During those 11 days, there were huge picketlines at Pier 80, as hundreds of people came out to support the action and provide the workers with a reason under their contract for refusing to go to work. The Pacific Maritime Association went to Federal court to get an injunction against Local 10 to force it to work the ship. To avoid huge fines and its officers possibly going to prison, the local eventually unloaded the ship. But the people who had been picketing then went across the Bay, and began picketing the Pacific Maritime Association offices on Grand Avenue and Harrison to protest the PMA’s decision to get the injunction.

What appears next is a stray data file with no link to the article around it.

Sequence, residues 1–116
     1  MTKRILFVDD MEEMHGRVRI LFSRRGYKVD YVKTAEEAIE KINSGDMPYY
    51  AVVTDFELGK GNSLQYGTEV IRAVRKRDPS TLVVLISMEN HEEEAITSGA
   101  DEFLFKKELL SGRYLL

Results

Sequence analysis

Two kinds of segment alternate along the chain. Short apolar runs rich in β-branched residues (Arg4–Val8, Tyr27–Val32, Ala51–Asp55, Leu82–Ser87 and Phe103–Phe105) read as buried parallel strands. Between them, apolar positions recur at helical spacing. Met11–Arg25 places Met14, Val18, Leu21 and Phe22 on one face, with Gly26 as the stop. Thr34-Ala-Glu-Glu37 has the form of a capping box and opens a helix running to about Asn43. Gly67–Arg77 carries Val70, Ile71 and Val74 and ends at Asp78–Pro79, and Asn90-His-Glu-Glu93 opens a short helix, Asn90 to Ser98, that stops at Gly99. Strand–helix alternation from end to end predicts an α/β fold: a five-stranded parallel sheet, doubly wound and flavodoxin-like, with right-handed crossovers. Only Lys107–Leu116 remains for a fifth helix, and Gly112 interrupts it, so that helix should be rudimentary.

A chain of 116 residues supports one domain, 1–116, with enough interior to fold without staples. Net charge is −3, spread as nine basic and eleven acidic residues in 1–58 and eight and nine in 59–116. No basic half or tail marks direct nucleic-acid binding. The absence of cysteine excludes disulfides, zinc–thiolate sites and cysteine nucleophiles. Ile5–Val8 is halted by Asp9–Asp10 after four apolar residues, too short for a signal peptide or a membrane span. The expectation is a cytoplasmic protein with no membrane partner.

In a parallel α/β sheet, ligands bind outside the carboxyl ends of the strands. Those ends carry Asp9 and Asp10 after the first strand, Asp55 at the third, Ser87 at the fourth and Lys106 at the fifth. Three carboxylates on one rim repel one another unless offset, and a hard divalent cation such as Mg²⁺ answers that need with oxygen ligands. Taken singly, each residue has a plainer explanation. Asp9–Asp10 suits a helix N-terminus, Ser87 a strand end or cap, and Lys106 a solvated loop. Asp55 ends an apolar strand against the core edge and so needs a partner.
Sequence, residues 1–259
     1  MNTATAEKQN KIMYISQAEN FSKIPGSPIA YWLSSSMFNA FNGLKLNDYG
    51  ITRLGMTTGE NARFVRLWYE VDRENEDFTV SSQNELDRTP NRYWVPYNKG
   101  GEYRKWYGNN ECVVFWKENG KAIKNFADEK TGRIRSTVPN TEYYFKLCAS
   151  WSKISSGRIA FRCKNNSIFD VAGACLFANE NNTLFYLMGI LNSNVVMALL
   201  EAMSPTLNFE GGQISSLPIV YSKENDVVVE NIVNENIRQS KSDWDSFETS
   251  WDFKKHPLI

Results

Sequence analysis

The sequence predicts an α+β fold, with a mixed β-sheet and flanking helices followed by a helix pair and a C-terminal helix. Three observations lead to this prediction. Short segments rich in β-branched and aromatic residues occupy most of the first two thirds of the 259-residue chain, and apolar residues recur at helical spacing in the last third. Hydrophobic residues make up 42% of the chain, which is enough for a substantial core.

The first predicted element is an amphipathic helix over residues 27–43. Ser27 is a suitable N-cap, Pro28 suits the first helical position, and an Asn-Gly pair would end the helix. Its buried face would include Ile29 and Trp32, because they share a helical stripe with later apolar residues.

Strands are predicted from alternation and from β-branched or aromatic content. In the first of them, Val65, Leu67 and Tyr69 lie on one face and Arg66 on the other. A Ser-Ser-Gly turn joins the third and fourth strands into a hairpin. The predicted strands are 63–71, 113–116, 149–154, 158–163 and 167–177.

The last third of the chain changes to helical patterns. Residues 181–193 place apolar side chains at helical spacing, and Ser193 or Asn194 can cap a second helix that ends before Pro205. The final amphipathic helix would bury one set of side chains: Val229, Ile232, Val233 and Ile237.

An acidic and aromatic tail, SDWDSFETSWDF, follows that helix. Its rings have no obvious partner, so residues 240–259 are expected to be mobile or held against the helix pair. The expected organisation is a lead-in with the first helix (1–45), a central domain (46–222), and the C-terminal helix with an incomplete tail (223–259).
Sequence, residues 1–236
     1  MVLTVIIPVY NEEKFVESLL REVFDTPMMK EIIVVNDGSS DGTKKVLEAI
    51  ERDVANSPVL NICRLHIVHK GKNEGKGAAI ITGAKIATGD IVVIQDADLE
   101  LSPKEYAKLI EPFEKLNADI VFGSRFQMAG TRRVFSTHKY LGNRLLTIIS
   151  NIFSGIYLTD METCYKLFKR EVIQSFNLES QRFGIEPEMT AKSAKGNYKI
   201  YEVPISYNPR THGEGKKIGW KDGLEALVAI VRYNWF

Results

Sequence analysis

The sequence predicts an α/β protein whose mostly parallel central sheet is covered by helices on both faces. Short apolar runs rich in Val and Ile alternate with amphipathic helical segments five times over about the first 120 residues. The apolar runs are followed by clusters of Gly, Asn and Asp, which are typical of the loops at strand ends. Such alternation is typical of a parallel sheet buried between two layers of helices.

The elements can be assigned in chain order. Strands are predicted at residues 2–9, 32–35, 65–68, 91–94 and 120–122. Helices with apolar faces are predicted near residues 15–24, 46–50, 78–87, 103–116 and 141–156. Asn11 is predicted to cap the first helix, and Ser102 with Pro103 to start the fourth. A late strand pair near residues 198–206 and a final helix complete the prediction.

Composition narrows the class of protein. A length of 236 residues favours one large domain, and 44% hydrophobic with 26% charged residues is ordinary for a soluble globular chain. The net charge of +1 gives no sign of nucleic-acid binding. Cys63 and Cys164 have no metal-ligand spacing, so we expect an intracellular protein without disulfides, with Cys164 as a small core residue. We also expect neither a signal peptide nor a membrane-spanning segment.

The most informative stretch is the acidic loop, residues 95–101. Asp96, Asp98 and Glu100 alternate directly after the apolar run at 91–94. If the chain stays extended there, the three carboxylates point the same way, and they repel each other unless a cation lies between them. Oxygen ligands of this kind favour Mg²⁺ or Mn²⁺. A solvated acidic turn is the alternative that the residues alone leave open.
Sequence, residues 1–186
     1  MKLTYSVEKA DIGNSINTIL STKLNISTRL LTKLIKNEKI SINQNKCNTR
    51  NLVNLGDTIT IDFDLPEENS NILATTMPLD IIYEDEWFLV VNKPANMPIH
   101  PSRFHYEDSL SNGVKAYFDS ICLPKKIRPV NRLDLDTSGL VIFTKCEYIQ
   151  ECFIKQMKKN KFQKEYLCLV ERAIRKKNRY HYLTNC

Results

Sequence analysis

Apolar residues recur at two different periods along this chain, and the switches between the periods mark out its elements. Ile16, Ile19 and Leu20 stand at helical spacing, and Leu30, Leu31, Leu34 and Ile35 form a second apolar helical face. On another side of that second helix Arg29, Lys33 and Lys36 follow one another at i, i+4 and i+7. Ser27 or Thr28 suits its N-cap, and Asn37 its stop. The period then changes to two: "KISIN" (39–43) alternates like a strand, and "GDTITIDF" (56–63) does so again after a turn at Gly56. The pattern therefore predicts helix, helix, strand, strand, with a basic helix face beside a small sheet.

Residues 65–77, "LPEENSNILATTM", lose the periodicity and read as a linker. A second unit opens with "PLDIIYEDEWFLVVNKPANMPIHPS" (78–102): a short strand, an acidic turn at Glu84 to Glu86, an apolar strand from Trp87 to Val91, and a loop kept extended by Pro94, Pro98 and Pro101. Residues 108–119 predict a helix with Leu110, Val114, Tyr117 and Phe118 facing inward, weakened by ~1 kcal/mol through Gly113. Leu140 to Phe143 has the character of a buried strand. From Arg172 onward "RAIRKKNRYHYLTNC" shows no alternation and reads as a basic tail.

Daily picketlines went on for a year, and then on a weekly basis for a year after that. The Bay Area Free South Africa Movement was born in those demonstrations. It was headed by John George, and had two co-coordinators--Franklin Alexander and Lorenzo Carlisle. Later two others were added--Natalie Bayton and David Bacon. BAFSAM then began holding regular meetings at the First Universe Baptist Church on International Boulevard in East Oakland. With BAFSAM’s participation, the church set up a homeless shelter to connect the issues of racism and apartheid in South Africa to racism and economic oppression in Oakland. This was the period of big plant closures in Oakland, which were having a devastating impact on Black workers.

BAFSAM lasted as an active organization for about five years, and carried out the fight for the Oakland divestment ordinance, the strongest in the country at the time. It was the pattern for legislation that Congressman Dellums then took to Congress. BAFSAM also organized many marches and demonstrations in Oakland.